Interview with Pablo Rueda, Partner Manager at Selligent Marketing Cloud

Interview with Pablo Rueda, Partner Manager at Selligent Marketing Cloud

May 28, 2024

How do you define a hybrid store?

It’s the confluence between the online and offline world in a store. Basically, it’s what any store should be today because people's lives move between the physical and virtual spaces.

In a hybrid store, it’s possible to browse online, order and pick up the products in-person. If I bought something online, the store staff may know who I am or if I am a member. Based on that knowledge, they can help me or proactively recommend products.

A hybrid store must be the best of the online and offline worlds. The physical space should be a memorable experience (otherwise, why go?) with elements like exquisite personalized attention combined with technical elements that contribute to the experience. Apps can help link the two worlds, sending push notifications at the appropriate time. The physical experience must be unrepeatable and the online experience must be as effective and easy as possible.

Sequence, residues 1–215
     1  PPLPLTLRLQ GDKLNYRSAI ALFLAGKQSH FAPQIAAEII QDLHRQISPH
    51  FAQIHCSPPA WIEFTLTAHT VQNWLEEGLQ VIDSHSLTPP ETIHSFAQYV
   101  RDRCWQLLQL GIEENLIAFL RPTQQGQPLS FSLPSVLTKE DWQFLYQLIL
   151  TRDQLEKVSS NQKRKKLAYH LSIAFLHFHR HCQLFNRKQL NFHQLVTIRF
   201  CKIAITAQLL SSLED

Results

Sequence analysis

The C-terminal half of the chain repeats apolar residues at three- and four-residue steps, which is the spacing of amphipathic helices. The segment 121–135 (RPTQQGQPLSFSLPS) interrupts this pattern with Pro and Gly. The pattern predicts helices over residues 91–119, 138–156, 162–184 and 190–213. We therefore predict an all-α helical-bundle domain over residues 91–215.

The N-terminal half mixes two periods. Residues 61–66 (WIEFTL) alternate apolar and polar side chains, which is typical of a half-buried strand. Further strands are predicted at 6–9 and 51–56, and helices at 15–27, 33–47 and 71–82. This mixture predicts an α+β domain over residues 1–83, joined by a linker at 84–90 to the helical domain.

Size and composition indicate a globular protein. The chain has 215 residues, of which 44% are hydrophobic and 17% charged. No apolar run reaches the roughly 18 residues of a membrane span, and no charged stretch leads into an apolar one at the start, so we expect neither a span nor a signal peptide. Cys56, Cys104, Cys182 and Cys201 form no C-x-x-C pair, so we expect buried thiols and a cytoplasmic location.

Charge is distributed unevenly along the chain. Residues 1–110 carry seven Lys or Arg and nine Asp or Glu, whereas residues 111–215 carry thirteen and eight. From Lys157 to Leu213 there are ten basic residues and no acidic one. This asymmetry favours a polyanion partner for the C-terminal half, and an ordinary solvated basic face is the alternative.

What have been the driving factors behind hybrid stores?

For more than 20 years, all sectors have been moving towards the online world. But there’s been this dichotomy of online versus offline almost all this time, which is totally false.

People are not online or offline, we are both. We interact with brands in both environments, which is why stores must show us the best of both worlds.

There is also a lot of talk about how if online shopping goes up, offline shopping goes down. But the goal is for both worlds to benefit from one another. It’s the natural evolution, the natural adjustment process.

How can we use technology in hybrid stores to improve the customer experience?

Many technologies have to be part of the customer experience. Some help with inventory, returns, stock management, etc, and have been evolving enormously. Their connection with the online world is key to offering a unified customer experience. When someone orders online and picks the product up at a store, all the technology that controls the store must be aligned so that that person picks up what they bought within two hours of the order.

On the other hand, we have the technology that allows us to enhance experiences. That includes everything from virtual fitting rooms, virtual signs and RFID payment systems for self-service checkouts to make the experience faster.

Finally, there is the technology that allows a totally personalized level of communication with the consumer, both online and in the physical store. On the web, we can understand behaviors and what interests a user or not. If you are a buyer or someone who has left us data, we can personalize our communications. If you go to the physical store, we can communicate through the app by geolocation and offer benefits. Or, of course, the store staff will know who you are and what to offer you. The technology already exists to ensure a unified experience.